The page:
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Ken Cleaves, Lincolnville, Maine

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Carol Turner, Glendora, California


Sukiya Living Magazine (JOJG)

Japanese Plants

The plant palette seen in Japanese gardens is typically very limited.  It is quite common for a garden to be composed of only a dozen or so different plant types.  Surprisingly, this limited palette does not seem to curtail the beauty of a Japanese garden.  To the contrary, the smaller number of colors and textures enhances a feeling of unification and harmony.

In nearly every case, the key to a successful Japanese garden lies, not in the plant itself, but in what the gardener does with the plant.  With this in mind, pruning and garden layout are generally considered more important than plant selection.

The majority of plants used in Japanese gardens are evergreen trees and shrubs.  This emphasis on evergreen material is related to the goal of creating four-season beauty.  Deciduous plants such as Japanese maples are sometimes used as accents.  Herbaceous annuals and perennials are rarely used except as minor grace notes.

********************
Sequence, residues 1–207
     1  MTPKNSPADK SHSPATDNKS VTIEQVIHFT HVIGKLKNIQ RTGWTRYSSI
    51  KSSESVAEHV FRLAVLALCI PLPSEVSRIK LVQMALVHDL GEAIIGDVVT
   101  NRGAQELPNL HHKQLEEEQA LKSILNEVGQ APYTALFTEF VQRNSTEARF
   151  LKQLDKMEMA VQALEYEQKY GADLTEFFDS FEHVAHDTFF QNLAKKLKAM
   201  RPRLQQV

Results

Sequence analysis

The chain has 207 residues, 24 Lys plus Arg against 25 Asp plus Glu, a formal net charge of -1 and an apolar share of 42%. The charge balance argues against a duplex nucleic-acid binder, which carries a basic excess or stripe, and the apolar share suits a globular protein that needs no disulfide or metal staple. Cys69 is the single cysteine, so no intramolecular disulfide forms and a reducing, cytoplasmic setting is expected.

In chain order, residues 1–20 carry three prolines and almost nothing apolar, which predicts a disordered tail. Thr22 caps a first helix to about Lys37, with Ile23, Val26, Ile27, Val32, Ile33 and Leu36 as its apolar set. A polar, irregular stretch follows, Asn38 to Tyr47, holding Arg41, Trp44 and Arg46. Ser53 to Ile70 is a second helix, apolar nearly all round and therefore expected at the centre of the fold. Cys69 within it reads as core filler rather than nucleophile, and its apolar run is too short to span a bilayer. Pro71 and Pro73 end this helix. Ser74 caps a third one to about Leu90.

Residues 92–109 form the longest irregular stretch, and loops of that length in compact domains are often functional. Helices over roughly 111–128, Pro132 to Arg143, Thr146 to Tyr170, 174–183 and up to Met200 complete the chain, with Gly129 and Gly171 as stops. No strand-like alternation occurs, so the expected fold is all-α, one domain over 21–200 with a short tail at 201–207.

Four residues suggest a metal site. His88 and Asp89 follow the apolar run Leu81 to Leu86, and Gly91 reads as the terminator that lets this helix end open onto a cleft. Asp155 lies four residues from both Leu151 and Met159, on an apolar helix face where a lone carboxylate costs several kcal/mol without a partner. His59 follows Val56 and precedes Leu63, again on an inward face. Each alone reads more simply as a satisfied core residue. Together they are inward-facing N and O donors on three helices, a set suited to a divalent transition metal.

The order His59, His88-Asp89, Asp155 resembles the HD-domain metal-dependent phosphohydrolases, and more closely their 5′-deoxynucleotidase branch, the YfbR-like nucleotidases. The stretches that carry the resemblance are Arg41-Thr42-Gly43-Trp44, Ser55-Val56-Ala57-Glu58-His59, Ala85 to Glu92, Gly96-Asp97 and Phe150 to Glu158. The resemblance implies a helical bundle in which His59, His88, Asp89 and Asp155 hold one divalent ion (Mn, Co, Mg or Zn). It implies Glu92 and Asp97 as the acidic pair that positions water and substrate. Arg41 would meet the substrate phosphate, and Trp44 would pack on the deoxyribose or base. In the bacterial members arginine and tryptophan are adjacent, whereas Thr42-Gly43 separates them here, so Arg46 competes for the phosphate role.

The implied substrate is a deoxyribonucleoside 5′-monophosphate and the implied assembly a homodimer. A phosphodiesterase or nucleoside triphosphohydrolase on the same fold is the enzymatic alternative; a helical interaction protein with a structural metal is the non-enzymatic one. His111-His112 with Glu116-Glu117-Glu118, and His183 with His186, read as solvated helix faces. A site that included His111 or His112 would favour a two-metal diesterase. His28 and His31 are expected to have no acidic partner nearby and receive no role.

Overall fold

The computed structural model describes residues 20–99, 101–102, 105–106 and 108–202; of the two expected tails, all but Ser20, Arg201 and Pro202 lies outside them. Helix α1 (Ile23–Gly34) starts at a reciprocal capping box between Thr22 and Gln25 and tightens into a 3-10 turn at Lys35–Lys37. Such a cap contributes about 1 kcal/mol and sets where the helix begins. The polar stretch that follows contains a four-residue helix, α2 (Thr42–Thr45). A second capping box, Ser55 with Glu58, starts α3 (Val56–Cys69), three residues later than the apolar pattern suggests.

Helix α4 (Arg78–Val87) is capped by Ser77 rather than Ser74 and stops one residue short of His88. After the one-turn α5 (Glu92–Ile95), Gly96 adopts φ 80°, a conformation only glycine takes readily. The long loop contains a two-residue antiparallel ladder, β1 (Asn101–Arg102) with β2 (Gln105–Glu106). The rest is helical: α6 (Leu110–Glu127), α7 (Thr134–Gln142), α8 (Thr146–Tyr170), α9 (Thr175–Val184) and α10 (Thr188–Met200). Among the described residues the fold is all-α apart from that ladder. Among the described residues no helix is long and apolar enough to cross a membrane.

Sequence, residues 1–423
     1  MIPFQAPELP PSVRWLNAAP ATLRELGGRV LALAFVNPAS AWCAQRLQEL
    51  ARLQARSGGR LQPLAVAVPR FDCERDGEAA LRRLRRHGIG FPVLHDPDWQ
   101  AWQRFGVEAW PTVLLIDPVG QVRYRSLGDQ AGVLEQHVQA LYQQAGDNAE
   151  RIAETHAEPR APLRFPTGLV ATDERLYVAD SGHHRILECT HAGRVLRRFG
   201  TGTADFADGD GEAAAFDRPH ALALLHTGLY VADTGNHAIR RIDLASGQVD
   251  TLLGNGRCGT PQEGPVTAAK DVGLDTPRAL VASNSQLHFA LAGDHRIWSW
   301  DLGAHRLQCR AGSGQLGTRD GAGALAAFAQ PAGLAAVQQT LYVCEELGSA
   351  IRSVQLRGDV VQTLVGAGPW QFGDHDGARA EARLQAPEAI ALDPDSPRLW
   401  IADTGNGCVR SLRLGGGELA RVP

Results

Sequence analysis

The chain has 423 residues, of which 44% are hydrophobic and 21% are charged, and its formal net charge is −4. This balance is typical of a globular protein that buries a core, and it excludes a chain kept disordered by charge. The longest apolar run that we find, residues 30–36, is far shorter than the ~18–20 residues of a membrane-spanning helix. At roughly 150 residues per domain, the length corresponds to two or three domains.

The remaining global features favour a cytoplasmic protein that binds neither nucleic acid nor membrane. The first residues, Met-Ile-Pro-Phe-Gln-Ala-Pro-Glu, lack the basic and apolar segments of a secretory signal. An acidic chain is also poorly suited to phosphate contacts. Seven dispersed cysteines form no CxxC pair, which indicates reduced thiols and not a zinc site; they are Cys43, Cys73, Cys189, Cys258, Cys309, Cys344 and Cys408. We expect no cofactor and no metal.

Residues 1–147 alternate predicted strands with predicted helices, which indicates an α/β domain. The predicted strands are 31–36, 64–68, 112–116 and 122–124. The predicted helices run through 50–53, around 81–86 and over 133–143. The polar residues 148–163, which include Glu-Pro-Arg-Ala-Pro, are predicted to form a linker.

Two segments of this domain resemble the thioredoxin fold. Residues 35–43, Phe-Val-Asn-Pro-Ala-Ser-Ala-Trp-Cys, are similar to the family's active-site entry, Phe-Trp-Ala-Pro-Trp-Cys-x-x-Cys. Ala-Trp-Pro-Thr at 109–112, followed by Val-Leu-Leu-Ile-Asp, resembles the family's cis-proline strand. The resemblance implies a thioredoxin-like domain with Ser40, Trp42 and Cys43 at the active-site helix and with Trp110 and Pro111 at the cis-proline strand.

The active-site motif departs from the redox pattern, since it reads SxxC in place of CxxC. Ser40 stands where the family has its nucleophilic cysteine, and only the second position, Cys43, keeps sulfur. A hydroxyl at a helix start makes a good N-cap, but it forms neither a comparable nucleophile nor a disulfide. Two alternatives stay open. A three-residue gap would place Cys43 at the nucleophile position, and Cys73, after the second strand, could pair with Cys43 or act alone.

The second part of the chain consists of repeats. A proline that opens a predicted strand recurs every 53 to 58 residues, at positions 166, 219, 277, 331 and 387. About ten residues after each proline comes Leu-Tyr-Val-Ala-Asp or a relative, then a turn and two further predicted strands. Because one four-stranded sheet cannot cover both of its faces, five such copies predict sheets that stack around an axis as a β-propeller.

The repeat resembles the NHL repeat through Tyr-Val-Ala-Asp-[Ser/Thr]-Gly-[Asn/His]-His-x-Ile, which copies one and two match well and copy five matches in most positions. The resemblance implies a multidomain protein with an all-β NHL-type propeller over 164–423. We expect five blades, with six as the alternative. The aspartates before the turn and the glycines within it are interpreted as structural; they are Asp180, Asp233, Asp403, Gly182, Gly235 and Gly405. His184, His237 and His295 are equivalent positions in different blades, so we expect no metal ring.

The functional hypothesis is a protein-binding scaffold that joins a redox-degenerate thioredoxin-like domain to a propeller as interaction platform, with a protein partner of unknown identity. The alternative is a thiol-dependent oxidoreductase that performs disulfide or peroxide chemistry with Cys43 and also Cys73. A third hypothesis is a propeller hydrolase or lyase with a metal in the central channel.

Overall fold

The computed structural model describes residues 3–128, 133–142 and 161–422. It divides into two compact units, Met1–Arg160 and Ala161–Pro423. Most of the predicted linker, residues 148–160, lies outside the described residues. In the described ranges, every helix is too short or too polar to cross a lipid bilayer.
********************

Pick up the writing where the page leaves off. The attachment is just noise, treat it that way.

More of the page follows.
While Japanese gardens are not known for their flowers, they do employ flowering trees and shrubs.  Azaleas, in particular, are common and seen in nearly every garden in Japan.

Some, but not all, Japanese gardens display plants that may feel somewhat exotic to Westerners.  These would include bamboo, moss, and carefully-pruned pine trees.

Sukiya Living Magazine (JOJG) runs regular "plant" articles about many different species including the plants mentioned above.  Here are some of the general categories:


AZALEAS   Some experienced gardeners feel that azaleas, while often overlooked, are actually the single most important plant in Japanese gardens.

PINES   There is no doubt that the 2-needled pine is the "king" of Japanese garden specimen trees.

BAMBOO   Often used as an accent, bamboo is a fascinating element in many Japanese gardens.

JAPANESE MAPLES   In Japan, the regular green species tree, Acer palmatum, is far more popular than colorful cultivars.

FLOWERING TREES & SHRUBS   Contrary to Western belief, the Japanese people actually love flowers.  Instead of planting herbaceous plants they tend to enjoy the seasonal bloom of woody trees and shrubs.

MOSS   Moss grows abundantly in many parts of Japan.  Known as koke in Japanese, it is a ground cover that is commonly seen in Japanese gardens.  Some gardens in Japan have even been created around the moss theme and can be accurately described as "moss gardens."  Read these articles to learn more.